The Traveling Horn Player
Viking, 245 pp., $ 24.95
Feb. 18, 2003 – Rarely, once in a long while, a book can change the time in which we live, the space we occupy. "The Traveling Horn Player" is one of those books. Fifteen minutes is allotted, just to read a few pages, and suddenly an hour has passed. A spell is spun, a magic act performed, all through the delightful pages of Barbara Trapido's story about beautiful Stella.
Our locales are England, Scotland and Ireland — specifically, the intellectual scene, where learned professors and dons do their thing, and how charmed we are to find it all vastly interesting and not stuffy or over our heads. One would not dream that one of the brightest mathematical minds in Britain could be so eccentric (to put it gently), or that women would find him irresistible.
Which leads us to warn the flappable: The language is totally free and easy; that is to say four-letter Anglo-Saxon words abound but sound perfectly placed. All will be forgiven when you go along on the wings of the author's prose to all the bright places where so many fierce things are happening.
Lydia and Ellen are sisters, quite near the same age and also dearest friends. The story begins and ends, twisted and entwined, around about them. Perhaps their closeness in age led to their oneness; but whatever the cause, they never knew a lonesome moment growing up.
Jonathan and Roger Goldman are brothers, family friends of Lydia and Ellen who are much older and play major parts in the drama. The Goldman brothers are not close at all, and their complex personalities bring a lot of static electricity into play.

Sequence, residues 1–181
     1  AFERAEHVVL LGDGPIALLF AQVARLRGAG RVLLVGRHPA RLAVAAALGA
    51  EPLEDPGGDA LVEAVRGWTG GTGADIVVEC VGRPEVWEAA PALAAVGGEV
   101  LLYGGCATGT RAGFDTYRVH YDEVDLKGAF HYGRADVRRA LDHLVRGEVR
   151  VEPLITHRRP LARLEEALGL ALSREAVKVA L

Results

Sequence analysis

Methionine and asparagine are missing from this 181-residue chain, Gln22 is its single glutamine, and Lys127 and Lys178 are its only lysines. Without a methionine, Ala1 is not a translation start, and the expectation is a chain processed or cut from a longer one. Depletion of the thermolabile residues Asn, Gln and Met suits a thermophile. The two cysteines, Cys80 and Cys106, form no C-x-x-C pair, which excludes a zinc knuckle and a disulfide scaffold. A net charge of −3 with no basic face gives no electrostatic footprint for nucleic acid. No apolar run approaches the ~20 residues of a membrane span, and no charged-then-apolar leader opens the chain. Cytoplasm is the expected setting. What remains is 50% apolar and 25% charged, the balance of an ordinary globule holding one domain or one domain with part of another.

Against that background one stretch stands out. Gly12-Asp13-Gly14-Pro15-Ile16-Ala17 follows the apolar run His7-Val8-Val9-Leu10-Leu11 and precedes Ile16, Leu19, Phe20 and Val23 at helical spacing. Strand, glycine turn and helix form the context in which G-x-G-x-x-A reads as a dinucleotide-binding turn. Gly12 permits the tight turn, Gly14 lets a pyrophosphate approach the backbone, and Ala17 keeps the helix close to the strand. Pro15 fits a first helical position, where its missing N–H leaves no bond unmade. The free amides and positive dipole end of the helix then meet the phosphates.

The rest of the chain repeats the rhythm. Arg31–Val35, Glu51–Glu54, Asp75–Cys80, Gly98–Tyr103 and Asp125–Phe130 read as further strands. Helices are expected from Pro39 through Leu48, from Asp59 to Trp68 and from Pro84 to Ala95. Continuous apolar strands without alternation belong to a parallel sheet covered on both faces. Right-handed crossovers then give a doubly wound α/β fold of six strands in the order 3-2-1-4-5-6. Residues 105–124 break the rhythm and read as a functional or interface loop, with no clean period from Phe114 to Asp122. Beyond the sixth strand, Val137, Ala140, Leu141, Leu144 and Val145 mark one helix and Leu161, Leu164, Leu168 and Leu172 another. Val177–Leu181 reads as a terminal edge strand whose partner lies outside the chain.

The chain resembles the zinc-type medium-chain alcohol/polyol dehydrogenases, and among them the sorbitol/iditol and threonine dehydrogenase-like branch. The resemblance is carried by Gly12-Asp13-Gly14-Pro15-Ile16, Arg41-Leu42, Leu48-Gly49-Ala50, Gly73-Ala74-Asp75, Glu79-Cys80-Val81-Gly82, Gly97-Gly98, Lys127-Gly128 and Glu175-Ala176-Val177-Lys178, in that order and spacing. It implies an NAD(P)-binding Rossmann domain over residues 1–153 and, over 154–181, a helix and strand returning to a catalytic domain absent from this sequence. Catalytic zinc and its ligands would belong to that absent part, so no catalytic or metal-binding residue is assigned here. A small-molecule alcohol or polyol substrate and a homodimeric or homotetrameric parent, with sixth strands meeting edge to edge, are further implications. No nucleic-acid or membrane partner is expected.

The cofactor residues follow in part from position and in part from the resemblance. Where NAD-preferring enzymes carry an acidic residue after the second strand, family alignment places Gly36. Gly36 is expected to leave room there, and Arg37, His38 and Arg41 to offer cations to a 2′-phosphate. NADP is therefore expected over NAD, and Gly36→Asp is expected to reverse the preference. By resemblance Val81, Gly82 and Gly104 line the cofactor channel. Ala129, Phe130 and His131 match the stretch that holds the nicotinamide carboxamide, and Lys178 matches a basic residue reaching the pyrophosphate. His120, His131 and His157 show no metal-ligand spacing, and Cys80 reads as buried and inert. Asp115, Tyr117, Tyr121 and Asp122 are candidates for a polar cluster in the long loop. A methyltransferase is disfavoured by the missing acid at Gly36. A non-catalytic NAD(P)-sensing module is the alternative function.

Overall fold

Stella, the diva, is the daughter of Jonathan Goldman, and although the tale becomes enmeshed in their lives and those of others on the edges of this world, it remains within a small circle.
The action of one touches another, and the resulting reaction thereby touches still another, until, at the last page, it all comes full circle. Like the stone that, when tossed into the pond, sends ripples outward, we are reminded that one's simplest act can move and shake other beings like an earthquake, leaving them changed forever. Ms. Trapido shows us how totally unaware the mover and shaker can be.
This is not a recently published book; it has been out several years. It's in print, though, and I recommend it heartily. Paying it the ultimate tribute, "The Traveling Horn Player" takes over the reader's life for a span of time; it saddens the heart, but in many places makes one laugh out loud.
"The Traveling Horn Player" is on order at Dockside Bookshop in Havensight Mall on St. Thomas and is expected to arrive next week. To check out other Dockside favorites, click here.
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